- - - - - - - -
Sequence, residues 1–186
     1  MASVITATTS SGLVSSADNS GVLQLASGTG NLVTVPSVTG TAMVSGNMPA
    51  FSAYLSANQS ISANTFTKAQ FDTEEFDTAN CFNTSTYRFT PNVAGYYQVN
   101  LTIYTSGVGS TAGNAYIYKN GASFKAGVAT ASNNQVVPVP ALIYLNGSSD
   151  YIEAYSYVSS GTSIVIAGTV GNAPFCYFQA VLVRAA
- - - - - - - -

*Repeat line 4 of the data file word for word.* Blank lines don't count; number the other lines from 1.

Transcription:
   101  LTIYTSGVGS TAGNAYIYKN GASFKAGVAT ASNNQVVPVP ALIYLNGSSD